Perhaps losing your life’s dream (or being freed from it, depending on how you look at it) pushes the reset button like nothing else. After some rocky moments, Hillary seems to have found, in the heart of her chief rival’s administration, an unexpected comfort level. The static around her has evaporated. She communicates a deep lack of insecurity. Locked in the Situation Room with alpha dogs all day and going home to the biggest alpha dog of all at night (on the rare occasions the two are in the same hemisphere), it’s as if she has learned how to circumnavigate that tiresome phallic competition and acknowledged what’s different—and valuable—about her own female nature. If they’d been translating her thoughts as she spoke to Curry, the subtitle would have read: “Don’t you understand? I don’t have to do that shit anymore.” No wonder she has the highest approval rating in the cabinet.

Everyone expected Hillary to fight for the limelight with Af-Pak envoy Richard Holbrooke. But she was smart enough to let that booby prize be all his. There aren’t going to be any Nobel Prizes handed out for cutting a few messy deals with drug barons and warlords. Who are you gonna to reel in there for a Dayton Accord? Mullah Omar and Osama? The only good thing about Holbrooke’s day at the moment is when he has a stress-free debriefing session with her.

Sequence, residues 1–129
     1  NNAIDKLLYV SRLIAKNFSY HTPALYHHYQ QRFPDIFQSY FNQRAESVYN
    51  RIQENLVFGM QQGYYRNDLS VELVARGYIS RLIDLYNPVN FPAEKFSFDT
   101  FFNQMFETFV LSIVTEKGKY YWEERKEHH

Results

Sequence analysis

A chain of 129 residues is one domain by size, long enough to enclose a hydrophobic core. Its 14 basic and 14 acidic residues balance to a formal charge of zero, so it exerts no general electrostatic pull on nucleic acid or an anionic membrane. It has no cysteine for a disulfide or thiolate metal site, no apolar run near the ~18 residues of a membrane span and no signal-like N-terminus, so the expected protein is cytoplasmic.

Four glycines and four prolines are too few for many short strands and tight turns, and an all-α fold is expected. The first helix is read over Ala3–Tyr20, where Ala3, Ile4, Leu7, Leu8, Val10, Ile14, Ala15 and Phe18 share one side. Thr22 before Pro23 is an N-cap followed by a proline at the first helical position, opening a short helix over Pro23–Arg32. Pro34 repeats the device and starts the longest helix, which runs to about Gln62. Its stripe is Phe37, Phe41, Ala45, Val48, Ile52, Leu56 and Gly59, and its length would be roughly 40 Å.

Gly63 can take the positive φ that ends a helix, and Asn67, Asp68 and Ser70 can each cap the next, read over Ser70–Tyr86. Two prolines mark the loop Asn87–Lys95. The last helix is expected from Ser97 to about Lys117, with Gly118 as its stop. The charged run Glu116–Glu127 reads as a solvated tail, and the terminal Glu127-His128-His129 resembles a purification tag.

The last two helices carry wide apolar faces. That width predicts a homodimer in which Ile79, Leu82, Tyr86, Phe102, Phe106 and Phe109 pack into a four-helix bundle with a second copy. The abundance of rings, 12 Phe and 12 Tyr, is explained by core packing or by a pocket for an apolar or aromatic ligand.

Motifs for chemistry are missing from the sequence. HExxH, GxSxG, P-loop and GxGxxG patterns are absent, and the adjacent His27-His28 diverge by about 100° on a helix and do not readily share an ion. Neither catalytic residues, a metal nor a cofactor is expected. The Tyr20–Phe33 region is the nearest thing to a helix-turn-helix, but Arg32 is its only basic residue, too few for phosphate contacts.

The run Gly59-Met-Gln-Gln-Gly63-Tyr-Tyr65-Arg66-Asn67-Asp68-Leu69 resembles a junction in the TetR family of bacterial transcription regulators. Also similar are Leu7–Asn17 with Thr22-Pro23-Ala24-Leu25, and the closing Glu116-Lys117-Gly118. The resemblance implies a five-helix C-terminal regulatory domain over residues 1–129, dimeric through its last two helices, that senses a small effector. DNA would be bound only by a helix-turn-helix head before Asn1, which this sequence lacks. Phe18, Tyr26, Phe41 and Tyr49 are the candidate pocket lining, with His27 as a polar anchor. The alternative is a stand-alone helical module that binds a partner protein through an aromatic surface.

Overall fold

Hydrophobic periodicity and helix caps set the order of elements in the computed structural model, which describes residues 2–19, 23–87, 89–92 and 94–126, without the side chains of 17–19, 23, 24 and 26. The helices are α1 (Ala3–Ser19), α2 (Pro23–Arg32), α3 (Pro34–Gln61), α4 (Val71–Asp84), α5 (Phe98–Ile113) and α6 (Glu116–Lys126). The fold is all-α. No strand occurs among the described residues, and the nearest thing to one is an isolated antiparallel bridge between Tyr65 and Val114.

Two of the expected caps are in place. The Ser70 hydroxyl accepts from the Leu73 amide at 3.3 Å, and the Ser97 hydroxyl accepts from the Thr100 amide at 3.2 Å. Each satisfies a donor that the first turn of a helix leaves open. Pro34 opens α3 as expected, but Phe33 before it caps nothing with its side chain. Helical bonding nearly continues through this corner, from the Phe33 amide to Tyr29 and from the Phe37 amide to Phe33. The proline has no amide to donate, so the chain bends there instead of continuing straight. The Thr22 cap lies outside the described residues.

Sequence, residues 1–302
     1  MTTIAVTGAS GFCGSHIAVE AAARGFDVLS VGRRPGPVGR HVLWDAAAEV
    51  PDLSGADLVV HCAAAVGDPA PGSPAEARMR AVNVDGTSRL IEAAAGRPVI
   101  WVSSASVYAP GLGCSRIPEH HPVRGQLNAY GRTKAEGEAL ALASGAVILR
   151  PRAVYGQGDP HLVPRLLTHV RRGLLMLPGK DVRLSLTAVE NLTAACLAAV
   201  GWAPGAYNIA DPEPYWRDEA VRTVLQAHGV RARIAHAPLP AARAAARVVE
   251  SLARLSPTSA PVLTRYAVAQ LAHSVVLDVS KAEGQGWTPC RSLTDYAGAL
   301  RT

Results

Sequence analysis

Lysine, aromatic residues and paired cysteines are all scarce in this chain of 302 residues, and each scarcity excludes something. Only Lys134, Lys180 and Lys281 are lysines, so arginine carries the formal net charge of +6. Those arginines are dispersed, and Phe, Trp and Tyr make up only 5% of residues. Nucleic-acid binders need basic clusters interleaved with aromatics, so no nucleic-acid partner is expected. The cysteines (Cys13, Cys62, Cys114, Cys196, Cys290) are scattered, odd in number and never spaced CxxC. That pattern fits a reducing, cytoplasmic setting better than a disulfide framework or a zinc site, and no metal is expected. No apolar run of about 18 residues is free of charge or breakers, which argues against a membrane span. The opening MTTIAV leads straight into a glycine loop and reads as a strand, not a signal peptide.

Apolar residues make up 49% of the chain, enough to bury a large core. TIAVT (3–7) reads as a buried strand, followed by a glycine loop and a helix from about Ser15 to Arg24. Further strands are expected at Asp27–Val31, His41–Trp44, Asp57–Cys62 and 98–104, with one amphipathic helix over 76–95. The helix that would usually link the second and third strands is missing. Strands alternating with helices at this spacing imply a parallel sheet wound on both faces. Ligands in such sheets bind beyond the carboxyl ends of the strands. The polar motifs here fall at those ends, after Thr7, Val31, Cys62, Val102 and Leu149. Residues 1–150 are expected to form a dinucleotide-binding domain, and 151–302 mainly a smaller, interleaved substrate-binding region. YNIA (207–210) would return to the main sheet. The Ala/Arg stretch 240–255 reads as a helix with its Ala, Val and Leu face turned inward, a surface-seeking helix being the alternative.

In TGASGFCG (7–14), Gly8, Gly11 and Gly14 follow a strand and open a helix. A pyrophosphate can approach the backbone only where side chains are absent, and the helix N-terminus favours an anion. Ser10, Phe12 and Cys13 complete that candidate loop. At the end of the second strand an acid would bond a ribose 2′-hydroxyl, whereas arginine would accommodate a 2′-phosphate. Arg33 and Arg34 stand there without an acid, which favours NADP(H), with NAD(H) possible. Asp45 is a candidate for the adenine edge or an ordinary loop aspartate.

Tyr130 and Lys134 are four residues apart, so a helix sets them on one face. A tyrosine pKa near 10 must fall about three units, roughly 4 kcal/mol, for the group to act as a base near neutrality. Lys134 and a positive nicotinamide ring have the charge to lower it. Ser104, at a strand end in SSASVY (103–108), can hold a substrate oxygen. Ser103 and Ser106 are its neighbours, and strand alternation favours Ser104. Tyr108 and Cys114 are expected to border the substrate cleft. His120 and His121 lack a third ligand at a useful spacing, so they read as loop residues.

There was speculation she would clash with flinty GOP holdover Defense Secretary Bob Gates. After all, that turf war has been almost de rigueur in Washington political infighting. But ever since July 2007 when Hillary hit out over Gates' dismissive response to her request that the Pentagon brief Congress on plans to withdraw troops from Iraq, Gates has not risked patronizing Hillary again. Richard L. Armitage, a former deputy at State for Colin Powell, says in today’s New York Times that Gates views Hillary as “tough-minded, clear and focused.” Always more of a hawk on military matters than Obama and much respected by the military, Hillary has shown she can do business with Gates and vice versa.